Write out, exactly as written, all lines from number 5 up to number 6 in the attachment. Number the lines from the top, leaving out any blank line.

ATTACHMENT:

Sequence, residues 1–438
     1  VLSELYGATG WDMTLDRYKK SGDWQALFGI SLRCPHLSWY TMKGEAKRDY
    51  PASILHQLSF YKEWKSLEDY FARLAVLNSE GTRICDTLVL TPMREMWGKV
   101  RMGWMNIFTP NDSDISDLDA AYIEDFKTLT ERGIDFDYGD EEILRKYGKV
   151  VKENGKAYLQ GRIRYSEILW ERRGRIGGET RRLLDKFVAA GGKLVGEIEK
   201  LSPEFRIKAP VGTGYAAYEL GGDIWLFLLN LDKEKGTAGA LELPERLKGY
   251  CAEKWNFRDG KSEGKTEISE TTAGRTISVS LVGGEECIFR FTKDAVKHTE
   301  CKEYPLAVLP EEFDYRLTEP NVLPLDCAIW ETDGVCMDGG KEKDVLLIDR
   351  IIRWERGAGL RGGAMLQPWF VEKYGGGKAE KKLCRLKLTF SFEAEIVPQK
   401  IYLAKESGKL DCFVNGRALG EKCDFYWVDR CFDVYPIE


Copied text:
   151  VKENGKAYLQ GRIRYSEILW ERRGRIGGET RRLLDKFVAA GGKLVGEIEK
   201  LSPEFRIKAP VGTGYAAYEL GGDIWLFLLN LDKEKGTAGA LELPERLKGY